We have almost finished planting our potato trials for the year – just one more, a trial of no-till organic potatoes. More on that another day! Planting in so many different locations always makes me think about planting methods, and what’s suited to different scales. I want to introduce you to the more-than-a-century-old tool that we use for most of our planting, and explain why I think it deserves a renaissance on small-scale diversified vegetable farms.
Whenever I use this simple but well-designed tool, I think about how wonderful it must have seemed to the first people to use it – so much faster and easier than digging holes for each tuber – and no stooping! It’s the perfect tool for planting the small plots in our variety trials. We’ve also used these hand planters to plant larger trials, and it’s a speedy and – in my opinion – enjoyable low tech method to plant areas up to about an acre. We’ve even been known to have potato planter races.
The planter has a hinged “beak” and a foot on a long handle. The tuber piece is dropped into the “beak” which is then driven into the soil, with the aid of a stomping foot if needed. Cranking the handle back (or forward, if you prefer using the planter in the other orientation) opens the “beak” and drops the tuber into the soil at a depth of 4-6 inches. The linked video and the pictures below show one of our students, Ross, planting 10-hill plots in an on-farm variety trial.
Internet searches for potato hand planters turn up an abundance of patents from the late 1800s and early 1900s. The planters we use are most similar to the 1899 design by Rufus Sprague of Michigan. I am intrigued by a 1920 design which incorporates a hopper for the seedpieces, designed to release one tuber at a time. I’d love to try using it, though I wonder if the added weight would make it unwieldy.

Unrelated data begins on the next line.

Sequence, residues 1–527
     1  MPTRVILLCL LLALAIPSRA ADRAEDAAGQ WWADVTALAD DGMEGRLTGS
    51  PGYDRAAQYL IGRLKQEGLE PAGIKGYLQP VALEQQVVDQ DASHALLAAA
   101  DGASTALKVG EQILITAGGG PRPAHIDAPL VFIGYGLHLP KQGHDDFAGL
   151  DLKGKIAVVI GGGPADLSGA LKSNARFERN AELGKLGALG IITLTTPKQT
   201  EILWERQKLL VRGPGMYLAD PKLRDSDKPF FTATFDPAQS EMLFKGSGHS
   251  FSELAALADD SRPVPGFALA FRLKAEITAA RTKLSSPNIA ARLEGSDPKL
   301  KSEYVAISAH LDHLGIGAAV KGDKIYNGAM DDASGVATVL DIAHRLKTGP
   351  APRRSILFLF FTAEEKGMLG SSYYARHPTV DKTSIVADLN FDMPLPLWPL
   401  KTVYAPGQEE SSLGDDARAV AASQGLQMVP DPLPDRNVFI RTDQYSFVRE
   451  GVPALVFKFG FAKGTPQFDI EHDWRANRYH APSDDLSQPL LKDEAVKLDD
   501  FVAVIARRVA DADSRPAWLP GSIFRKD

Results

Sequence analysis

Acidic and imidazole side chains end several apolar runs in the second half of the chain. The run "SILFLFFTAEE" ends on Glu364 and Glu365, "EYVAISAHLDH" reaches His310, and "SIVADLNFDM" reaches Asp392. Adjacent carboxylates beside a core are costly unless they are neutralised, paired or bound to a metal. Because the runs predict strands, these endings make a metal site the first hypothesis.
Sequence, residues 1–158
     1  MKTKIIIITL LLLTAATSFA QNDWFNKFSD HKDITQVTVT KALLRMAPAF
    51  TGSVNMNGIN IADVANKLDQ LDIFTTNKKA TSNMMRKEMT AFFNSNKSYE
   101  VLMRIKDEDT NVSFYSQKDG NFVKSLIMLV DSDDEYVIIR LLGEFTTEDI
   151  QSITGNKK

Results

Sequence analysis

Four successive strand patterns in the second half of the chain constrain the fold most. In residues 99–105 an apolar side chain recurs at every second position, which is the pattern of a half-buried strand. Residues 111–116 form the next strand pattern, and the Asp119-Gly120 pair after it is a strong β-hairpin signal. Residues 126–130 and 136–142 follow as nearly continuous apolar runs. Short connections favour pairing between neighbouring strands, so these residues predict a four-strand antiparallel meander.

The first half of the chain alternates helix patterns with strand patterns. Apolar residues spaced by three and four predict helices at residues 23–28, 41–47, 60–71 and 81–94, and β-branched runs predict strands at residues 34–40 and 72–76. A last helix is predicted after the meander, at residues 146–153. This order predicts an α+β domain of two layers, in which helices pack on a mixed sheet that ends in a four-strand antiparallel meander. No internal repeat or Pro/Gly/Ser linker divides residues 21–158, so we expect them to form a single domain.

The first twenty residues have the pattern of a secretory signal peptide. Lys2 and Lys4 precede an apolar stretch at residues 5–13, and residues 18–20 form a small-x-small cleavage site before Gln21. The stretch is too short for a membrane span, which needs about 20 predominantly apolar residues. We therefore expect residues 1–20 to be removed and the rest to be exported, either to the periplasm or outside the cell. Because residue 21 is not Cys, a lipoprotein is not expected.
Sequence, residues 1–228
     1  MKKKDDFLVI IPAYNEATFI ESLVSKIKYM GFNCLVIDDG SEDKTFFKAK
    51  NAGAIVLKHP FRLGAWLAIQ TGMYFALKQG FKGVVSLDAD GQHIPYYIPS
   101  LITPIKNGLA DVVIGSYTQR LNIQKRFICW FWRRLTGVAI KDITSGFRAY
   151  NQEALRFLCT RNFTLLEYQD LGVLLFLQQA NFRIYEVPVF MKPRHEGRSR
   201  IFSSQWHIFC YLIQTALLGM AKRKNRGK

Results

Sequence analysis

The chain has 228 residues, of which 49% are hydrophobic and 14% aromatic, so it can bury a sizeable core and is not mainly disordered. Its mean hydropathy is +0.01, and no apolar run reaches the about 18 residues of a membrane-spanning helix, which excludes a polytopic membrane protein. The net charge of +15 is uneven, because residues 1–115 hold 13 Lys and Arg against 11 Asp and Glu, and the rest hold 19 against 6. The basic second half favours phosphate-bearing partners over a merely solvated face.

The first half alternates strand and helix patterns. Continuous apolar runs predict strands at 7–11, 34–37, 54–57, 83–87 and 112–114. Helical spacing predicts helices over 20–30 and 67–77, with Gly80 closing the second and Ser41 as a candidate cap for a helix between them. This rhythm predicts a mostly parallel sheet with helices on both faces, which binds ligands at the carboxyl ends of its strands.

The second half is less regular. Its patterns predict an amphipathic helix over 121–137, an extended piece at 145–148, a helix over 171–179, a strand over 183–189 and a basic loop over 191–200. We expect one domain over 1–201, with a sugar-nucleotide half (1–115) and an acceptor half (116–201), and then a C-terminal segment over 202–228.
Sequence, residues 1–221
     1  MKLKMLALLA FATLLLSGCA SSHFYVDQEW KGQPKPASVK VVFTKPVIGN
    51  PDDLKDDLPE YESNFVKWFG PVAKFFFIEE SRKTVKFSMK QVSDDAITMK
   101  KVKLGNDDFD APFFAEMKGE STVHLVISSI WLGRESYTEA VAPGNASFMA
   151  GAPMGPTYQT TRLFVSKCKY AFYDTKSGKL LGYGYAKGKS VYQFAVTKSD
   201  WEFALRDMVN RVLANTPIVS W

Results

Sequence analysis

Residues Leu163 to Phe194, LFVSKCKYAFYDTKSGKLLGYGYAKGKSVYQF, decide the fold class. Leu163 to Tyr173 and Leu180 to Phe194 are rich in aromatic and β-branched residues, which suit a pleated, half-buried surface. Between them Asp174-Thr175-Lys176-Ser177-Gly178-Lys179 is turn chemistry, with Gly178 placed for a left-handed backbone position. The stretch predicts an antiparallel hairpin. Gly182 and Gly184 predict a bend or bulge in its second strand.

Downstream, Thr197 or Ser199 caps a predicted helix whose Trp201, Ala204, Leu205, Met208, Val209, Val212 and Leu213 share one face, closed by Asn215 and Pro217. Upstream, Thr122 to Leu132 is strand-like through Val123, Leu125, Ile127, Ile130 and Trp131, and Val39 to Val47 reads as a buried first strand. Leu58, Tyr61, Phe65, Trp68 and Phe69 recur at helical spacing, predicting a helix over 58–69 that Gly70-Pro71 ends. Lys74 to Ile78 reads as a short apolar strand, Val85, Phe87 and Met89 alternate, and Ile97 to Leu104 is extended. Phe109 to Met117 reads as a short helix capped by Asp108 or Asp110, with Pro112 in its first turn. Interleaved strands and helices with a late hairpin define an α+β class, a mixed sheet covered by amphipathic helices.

On Memorial Day, I planted a variety trial at Stoney Acres Farm in Marathon County, WI, the same day that they planted their potatoes. The farmers, Kat and Tony, don’t have a potato planter, and they were trying an experiment – having already formed the hills, they were using a waterwheel (with no water running) to push evenly spaced holes into the hills. Two riders seated on the back pushed in seed pieces and covered the holes by hand. It worked pretty well! But it was slow going, and I got curious about my ability to keep up. So we had a “John Henry” race. Sadly we didn’t have a time keeper! I estimate that I covered about 60 feet (in one row) to their 80 feet (in two rows), going at a comfortable pace. Tony and Kat agreed that when you consider the time of the tractor driver, planting would probably move as fast – maybe faster – with all three people using hand planters. And with no fuel expenditure.
So if you don’t have a mechanical potato planter or a waterwheel, consider making the small investment in a hand potato planter – or two. They come up periodically on e-bay, often for around $30-50, though those that have been cleaned up for the antique market can fetch over $100. I was delighted to find one recently for $40, and I’ve been using it with pride this spring! I would be even more delighted if this post inspires some entrepreneur out there to start making and selling this well-designed tool again.
Happy planting, and enjoy watching those potatoes come up!